Bulgarian Art in London

I know some of my readers may hold me to this, so may as well admit it myself. In an earlier post I said that, sadly, I sometimes blame myself for not always feeling particularly patriotic.I wrote that with a heavy heart, as I do love my home country. Although I am not proud of it at all, I recently realised that I must be completely apolitical as well. There were elections in Bulgaria a few weeks ago and I didn’t even know there was a polling station… at my work place. I know… I am totally ashamed. Seriously. Not that I would know whom to vote for, anyway…

What I saw last night, however, proved my patriotism point wrong. I went to see a Bulgarian theatre performance in London. A nice excuse for a girls’ night out and a birthday treat for myself. Little did I know that it would actually move me – totally, unexpectedly, romantically, and nearly to tears. Bearing in mind that, as my regular readers may remember (from yet another old post), I am not one to cry easily at such events. And yet it touched a nerve for me. Big time.

Whether it was the actual play (very romantic and a bit sad), or the fact that it gathered a whole venue full of Bulgarians, I have no idea. It may well be a combination of both. The result was an eye-opening catharsis. At least to me.

This is when you know where you belong. When you realise that being a patriot is not necessarily demonstrated by voting and being politically active.

What this performance reminded me is that you carry the love for your country within yourself and it will always define who you are.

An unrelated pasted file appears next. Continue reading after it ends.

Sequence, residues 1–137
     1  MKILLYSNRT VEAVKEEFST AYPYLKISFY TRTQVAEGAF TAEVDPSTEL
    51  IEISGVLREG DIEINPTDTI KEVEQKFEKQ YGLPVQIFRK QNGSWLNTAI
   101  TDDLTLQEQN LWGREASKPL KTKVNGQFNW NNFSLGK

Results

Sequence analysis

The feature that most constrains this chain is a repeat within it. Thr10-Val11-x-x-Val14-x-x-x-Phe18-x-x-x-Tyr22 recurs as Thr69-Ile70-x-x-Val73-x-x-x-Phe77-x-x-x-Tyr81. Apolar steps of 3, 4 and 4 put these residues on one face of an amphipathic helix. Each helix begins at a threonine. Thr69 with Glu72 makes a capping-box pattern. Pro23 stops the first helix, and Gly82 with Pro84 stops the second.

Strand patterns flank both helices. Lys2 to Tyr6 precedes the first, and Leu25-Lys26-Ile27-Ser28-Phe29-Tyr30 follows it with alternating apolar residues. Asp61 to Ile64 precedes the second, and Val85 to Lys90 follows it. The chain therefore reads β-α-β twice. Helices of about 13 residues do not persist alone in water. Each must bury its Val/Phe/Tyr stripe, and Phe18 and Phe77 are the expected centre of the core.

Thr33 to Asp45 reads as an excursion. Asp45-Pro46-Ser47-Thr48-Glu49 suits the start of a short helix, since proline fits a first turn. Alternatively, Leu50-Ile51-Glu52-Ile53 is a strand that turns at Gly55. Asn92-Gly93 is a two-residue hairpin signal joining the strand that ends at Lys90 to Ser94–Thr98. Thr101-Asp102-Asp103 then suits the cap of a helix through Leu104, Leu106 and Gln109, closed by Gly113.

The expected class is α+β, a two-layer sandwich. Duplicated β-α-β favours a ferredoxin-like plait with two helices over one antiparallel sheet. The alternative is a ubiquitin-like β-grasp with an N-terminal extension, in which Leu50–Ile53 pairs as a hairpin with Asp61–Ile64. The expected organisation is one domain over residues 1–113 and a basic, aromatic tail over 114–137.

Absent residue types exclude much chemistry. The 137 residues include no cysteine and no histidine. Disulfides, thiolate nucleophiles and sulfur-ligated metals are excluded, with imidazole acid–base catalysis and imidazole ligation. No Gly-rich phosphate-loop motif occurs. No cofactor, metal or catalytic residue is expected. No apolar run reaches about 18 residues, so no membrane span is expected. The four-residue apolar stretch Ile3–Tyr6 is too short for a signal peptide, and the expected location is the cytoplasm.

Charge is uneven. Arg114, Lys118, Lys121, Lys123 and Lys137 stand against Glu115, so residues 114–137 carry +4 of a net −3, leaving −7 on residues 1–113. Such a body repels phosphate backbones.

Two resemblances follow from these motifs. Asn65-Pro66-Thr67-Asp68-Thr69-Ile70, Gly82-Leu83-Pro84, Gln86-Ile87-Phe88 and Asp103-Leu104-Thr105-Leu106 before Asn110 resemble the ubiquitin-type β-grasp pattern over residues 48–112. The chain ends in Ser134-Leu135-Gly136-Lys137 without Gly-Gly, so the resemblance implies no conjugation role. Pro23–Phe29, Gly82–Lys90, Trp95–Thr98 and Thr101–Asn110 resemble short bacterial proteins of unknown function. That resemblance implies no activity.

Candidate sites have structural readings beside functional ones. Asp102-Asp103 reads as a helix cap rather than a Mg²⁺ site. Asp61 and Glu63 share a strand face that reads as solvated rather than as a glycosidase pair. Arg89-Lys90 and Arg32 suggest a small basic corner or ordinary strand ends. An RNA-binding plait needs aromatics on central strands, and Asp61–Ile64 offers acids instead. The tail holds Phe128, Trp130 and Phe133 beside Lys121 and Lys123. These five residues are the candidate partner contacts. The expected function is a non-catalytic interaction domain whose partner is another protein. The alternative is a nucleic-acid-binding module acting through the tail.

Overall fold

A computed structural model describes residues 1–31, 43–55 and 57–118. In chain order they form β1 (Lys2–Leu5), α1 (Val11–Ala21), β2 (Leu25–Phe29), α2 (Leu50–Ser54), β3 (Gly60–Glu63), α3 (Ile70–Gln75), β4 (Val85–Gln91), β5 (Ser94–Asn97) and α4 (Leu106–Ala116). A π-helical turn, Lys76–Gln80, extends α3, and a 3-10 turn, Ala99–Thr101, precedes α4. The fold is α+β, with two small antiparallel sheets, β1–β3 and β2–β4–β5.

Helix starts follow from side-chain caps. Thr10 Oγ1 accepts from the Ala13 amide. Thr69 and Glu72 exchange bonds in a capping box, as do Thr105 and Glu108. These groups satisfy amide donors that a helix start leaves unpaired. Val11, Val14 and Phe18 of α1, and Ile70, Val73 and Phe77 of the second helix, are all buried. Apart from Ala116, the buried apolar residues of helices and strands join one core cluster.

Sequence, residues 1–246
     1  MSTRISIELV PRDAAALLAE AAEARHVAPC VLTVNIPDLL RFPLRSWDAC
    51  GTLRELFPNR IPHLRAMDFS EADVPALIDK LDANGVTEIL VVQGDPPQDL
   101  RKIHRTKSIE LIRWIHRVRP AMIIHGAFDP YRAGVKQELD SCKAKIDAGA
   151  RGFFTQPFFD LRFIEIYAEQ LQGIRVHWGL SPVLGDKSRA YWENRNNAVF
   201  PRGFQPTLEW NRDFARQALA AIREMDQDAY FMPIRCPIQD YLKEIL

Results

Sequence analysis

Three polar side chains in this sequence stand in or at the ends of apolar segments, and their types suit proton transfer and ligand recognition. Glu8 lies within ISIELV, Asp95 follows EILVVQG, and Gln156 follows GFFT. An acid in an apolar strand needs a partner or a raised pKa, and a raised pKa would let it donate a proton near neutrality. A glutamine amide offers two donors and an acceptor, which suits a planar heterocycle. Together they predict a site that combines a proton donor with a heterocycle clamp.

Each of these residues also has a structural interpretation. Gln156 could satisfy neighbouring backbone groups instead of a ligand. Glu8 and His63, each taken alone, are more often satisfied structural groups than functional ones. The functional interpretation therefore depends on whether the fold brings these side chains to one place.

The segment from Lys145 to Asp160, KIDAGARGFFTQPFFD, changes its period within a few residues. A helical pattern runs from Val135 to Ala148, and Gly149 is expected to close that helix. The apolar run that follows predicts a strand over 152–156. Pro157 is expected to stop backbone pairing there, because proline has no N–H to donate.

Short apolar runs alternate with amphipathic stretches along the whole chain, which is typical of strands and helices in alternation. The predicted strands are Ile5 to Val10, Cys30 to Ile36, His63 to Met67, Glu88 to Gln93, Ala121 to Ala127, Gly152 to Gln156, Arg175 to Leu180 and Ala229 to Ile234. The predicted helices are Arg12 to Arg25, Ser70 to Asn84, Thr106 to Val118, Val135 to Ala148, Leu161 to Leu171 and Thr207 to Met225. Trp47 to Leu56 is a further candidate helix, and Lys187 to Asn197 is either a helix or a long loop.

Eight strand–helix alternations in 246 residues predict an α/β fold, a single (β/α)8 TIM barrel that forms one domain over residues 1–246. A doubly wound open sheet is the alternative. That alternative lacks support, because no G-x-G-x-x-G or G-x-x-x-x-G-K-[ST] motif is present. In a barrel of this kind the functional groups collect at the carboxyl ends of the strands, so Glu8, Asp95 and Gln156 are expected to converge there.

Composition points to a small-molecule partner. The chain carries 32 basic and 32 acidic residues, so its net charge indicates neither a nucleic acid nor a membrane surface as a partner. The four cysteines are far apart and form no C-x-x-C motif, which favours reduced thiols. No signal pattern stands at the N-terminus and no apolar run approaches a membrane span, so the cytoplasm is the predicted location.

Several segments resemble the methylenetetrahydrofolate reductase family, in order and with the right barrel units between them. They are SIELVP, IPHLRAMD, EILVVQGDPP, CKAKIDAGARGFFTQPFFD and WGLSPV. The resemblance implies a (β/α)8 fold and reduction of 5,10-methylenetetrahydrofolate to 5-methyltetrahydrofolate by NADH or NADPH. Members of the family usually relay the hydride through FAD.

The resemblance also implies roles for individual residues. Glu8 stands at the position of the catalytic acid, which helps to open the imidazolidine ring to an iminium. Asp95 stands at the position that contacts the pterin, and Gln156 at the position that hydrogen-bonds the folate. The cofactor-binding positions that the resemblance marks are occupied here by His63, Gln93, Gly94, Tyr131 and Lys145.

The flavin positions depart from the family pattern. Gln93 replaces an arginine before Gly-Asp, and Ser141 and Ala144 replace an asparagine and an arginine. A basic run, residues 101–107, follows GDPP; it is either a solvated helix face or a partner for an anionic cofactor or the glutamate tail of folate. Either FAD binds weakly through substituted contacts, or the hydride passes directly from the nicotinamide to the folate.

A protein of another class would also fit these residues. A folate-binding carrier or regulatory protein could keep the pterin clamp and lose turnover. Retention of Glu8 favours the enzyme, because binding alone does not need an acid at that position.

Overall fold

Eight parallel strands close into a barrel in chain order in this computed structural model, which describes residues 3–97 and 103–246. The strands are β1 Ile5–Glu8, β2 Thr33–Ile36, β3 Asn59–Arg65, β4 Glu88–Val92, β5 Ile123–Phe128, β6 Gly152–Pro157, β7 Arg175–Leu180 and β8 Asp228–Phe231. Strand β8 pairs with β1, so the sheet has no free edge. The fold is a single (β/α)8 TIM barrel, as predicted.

The main actor, Tony Dimitrova, is mostly known in Bulgaria as a popular pop singer. She is not even the type of artist whose concert I would buy a ticket to go to – and, yet, her songs filled my eyes with swallowed tears. Her gift to the audience was an addition to the theatrical performance: a heart-warming concert consisting of her most famous songs. The whole venue was cheering and singing along. Even the toilet attendant (who obviously had no idea about Bulgarian culture or what the lyrics were saying) was happily nodding to the music. This is when it totally got to me.

Tony gave her heart out and reminded me what it feels like to be part of the Bulgarian community abroad – on a large scale. I did come to the event with Bulgarian friends, but when the music got us on our feet, the whole of the audience felt like friends. People smiled at each other never having met before – which, I must say, is not a typical thing a Bulgarian would do.

Afterwards, looking for late night food in the shop across the street, I had to ask a couple to move out of my way. I decided to cheekily say it in Bulgarian, rather than English (having obviously overheard their conversation). Their partner-in-crime smiles back at me told me my judgement wasn’t wrong.

I’ll never see them again, but in that particular moment, they felt close to me. Strangely and nicely.

The performance is part of the Festival of Bulgarian Culture taking place in London at the moment. It was brought on stage by the Burgas Theatre ‘Adriana Budevska‘. If you happen to be around or decide to check the festival programme out, I am sure that you will not regret it.


  1. What a sweet, surprising story. It’s true: no matter how disappointed we might be in our country;s politics, we are still a part of the culture & community. I feel really warm and fuzzy now 🙂

    Liked by 1 person

  2. Very warm. Interesting to see a different side of you. You shouldn’t blame yourself for feeling patriotic. At the end of the day, you know where you are from and where you live and sometimes both can feel like home and that’s fine. I say this because I have had similar arguments regarding my home country. I can relate.

    On the other hand, I am rather curious about that performance. I haven’t been to the theatre in quite some time.

    Liked by 1 person

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